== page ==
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So Adobe Lightroom 4 is Out Today, It's All About the Light Baby, All About the Light

Adobe Lightroom 4 is officially available today and at half the cost of Lightroom 3. The new version costs $79 for an upgrade and $149 for a brand new purchase. Many of you have been using the beta for the past few months which will probably expire soon. You can download a 30 day trial version to decide before you buy of Lightroom 4 here. The new release requires Windows Vista SP2 or later, or OS X 10.6.8 (Snow Leopard) or later so make sure your current operating system can support it.


So... is Lightroom 4 worth it?


In a word, hell yeah!


Opps, that was two words.




Well for no other reason the new lighting controls are fantastic. Every photographer knows at the end of the day it's all about the light, and here the good folks at Adobe have outdone themselves with reworking the old exposure, recovery, fill light, and black sliders into four new sliders: highlights, shadows, whites and blacks. These new sliders give you far more control over how the light is exposed in your photographs allowing you much more granular control in all the details that matter. You also still get a broad exposure slider as well, but the other lighting sliders are where the action is for Lightroom 4. The new control over highlight light is especially welcome.


What else is cool and better with Lightroom 4? Clarity. The clarity slider in Lightroom 4 gives that ever so lovely grit that you love -- only now with much less glowing halo. I feel like I'm addicted to clarity these days.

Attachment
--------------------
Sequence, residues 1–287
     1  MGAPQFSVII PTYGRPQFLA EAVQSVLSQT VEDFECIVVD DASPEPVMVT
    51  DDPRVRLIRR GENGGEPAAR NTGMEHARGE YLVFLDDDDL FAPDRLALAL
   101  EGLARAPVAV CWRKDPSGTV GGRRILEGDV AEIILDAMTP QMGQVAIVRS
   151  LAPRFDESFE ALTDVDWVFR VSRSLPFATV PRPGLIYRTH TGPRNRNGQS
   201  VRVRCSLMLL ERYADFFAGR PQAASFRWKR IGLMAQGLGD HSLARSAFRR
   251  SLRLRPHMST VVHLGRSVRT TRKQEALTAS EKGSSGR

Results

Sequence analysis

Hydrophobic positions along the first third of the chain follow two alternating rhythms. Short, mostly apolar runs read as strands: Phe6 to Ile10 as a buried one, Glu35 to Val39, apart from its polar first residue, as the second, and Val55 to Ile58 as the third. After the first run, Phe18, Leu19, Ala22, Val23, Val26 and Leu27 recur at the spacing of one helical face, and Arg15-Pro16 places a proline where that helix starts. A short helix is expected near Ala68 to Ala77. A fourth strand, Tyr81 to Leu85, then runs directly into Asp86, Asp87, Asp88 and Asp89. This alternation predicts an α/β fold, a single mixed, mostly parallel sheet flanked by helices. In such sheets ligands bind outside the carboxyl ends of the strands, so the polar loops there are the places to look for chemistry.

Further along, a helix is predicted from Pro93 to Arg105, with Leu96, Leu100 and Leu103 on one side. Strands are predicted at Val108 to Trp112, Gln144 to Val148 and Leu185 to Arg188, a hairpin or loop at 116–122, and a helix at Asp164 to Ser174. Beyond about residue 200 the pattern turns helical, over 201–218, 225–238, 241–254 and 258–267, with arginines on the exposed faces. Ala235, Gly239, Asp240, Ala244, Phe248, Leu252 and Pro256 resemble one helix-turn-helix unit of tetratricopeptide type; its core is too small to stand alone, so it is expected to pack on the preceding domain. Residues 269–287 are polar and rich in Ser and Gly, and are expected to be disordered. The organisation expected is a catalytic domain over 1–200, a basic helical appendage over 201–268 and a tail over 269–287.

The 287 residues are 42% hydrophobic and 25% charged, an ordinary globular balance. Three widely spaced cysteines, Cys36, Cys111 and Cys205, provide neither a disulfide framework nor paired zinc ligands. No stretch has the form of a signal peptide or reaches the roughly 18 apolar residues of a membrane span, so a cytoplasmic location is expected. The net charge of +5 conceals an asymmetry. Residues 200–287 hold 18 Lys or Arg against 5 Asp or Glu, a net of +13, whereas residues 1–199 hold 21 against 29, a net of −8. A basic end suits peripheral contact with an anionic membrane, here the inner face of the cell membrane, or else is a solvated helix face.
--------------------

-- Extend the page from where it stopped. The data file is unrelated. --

My favorite improvement of all though is more of a pet peeve than anything. The thing that probably drove me nuts the most about Lightroom 3 was that my noise reduction and sharpening effects would not render correctly in fill view in the Develop module. I had my fingers crossed big time when the Lightroom 4 beta came out that they'd fix this problem and indeed they did. Ironically noise reduction and sharpening effects still do not render correctly at fill view in the Library module, but this is of much less concern to me than the Develop module where I spend most of my time processing.


As far as speed goes, Lightroom 4 is an improvement over the Lightroom 4 beta (which was slow as hell), but not really much of an improvement over Lightroom 3 for me. This may be my biggest disappointment in the release. I was hoping for a bigger speed boost, but Lightroom 4 still feels just a touch sluggish to me. I'm on a 3-year-old MacBook Pro though and maybe this is just God/Mother Nature's way of telling me that it's about time for me to upgrade my Mac and finally make the jump to SSD while I'm at it.


I've also now begun changing my workflow with Lightroom 4 and am now importing all of my photos as DNG instead of CR2 files. I'm doing this mostly because I'm hoping that Lightroom will run faster if I do this. Recent comments made by Product Manager Tom Hogarty suggest that DNG adoption may improve performance with Lightroom 4.


With Lightroom 4 you get much better control with your brushes these days as well. Adjustment brushes now include temperature, noise reduction, shadows and highlights.


Additional improvements include a new Book module (which I don't use now, but who knows, maybe someday I will), the ability to do very basic video edits, reverse geodecoding and tons of bug fixes.


More from CNET, 9 to 5 Mac, the Verge, and MacWorld.

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Uploaded on March 6, 2012